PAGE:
The Blanton's Gold review
Company: Buffalo Trace
Age: No Age Statement
Extra Note: The whiskey in this bottle was dumped on 13th January 2014 from barrel No. 222. Stored in warehouse H on rick No. 52. The bottle number is 221
Classification: Kentucky Straight Bourbon Whiskey
Breakdown: Buffalo Trace Mash-bill No.2 (Rye between 12-15%)
Price: c. £70
Blanton’s Gold was an early foray for the Gents into the congested market place of bourbon reviews. It has been nearly 3 years (and a significant learning curve) since that review was first published. So what have we learnt since it was first posted? Well, nothing much has changed in terms of preferences. Mr Pie stays a huge fan of this bourbon and is an unpaid and unofficial ambassador for the brand; whereas Mav is more reserved with his praise, and would probably recommend investing your hard earned income into bourbons with a more traditional tasting profile. Mav did though noticeably wobble when a glass of Blanton's Straight From the Barrel was placed under his nose, and this has possibly started to turn him into a Blanton’s believer.
Blanton’s Gold is one of only a handle of bourbons which has made it into all three of our Top Ten Bourbons of the Year articles, and the Blanton’s story was also part of our very successful series of Bourbon Tales. We have now reviewed 3 out of the 4 Blanton’s expressions which are available with only the Special Reserve (green label) left to review to complete the full set. Watch this space.
There has been no change to the worldwide distribution of the Blanton’s expressions though. Only the Original Single Barrel is available in the United States, whilst the entire range is available outside of the States to selected international markets. Thankfully for us this includes the UK. There is a very small paragraph on their official website referring to this and it simply states that production is very limited and they have decided to make it only available to selected international markets. There is no doubt that this is an interesting commercial strategy but it must be extremely frustrating for the locals who have to find other resourceful methods at additional expense to try their own home grown produce.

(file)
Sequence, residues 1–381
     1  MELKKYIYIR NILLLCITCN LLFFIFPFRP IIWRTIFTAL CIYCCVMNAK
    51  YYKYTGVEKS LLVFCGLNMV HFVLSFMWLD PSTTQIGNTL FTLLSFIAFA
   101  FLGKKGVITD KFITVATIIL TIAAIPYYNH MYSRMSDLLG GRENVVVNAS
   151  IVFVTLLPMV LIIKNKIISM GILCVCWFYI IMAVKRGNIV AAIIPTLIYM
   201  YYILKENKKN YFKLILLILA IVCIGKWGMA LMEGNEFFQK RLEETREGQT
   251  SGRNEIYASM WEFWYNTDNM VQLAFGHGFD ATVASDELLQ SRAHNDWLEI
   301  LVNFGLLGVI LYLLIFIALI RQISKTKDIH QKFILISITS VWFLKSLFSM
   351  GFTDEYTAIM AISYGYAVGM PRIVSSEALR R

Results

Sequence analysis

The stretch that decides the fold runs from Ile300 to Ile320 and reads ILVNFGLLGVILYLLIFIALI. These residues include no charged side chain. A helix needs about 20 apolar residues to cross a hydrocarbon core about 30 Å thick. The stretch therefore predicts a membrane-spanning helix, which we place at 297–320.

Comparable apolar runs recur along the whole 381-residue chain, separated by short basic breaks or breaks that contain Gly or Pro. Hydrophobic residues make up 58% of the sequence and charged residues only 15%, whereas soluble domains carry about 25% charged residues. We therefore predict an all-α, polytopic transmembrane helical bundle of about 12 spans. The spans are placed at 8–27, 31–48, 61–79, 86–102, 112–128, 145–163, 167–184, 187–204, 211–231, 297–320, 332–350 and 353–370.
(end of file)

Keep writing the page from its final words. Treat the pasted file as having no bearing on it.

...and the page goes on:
The overall popularity of bourbon continues unabated with no sign of the bubble bursting and Blanton’s are struggling themselves to keep with current demand outpacing supply. Blanton’s openly admit that there may be times when shelves in the US cannot be filled. With news like that, we suggest you pour yourself a stiff drink and read on…
In 1984 Blanton's became the first ever commercially sold single barrel bourbon. For the complete story, if you're interested and want to know more, please visit their website https://goo.gl/M9fBFr
Blanton's is named after one of the distilleries early pioneers Albert B Blanton. It is thought that he worked there for 55 years. Starting as office boy and finishing his career as president of the whiskey plant (so just a slight promotion then). He was affectionately known as Colonel Blanton as he held the honorary title of Kentucky Colonel.
This review is for Blanton’s Gold Edition which is one of four different expressions in the range. The Original Single Barrel is the most recognised and widely available Blanton’s. The Gold Edition, alongside Special Reserve (green label and promoted as the introductory edition), and Straight From The Barrel, are only available outside of the US and in duty free organisations.
The bottle shape is very unusual and almost looks like a hand grenade. The stoppers in the Single Barrel bottles form a set of 8. Each one features a horse and jockey in different poses, and each stopper also depicts a different letter so that once all are collected you can spell out 'BLANTONS' or 'BLASTNON' if you're dyslexic like Mav.
For this review we drank it neat in a Glencairn glass
What we got – Fruit, apple, raisins and sultanas, sweetness and spice. If a smell could ever depict or suggest how delicious a taste could be, then this would be it (Mr Pie)
What they say we should get - Oaky, dry. Plenty of fruit mostly dried. Chewy peels, floral. Spicy
What we got – Strength of the alcohol hits you straight away, fruit nose carries on to the taste and as per usual the spice. With water not as harsh (we know that is obvious), softens the peppery taste
What they say we should get - Complex, enjoyable top notes, chewy oak. Dark stone fruits, deep spices, peppy and rich
What we got – Full bodied, medium to long finish with no burn in the throat
What they say we should get - Long, toffee, drying
This is the first review which has really split the Gents from a scoring perspective, although it's fair to say that both Gents love the quirky bottle shape and horse and jockey stopper! It is also different that for once those living outside of the US have a chance to sample something that our American cousins find a little harder to get hold of.
We both agree that it's an above average bourbon but, as you can see from the scores below, Mr Pie is more of a fan than Mav (probably because of the relatively high percentage of rye for the second grain).
This is definitely a 'horses for courses' (forgive the pun) bourbon. If you love spice and pepper on the palate then Mr Pie would say it's certainly worth the hefty price tag as this is one of the best around. However, if like Mav, you favour bourbon with more toffee and caramel hints then this is nothing special and you would be better off taking your money elsewhere.
6 out of 10 - Mav
9 out of 10 – Mr. Pie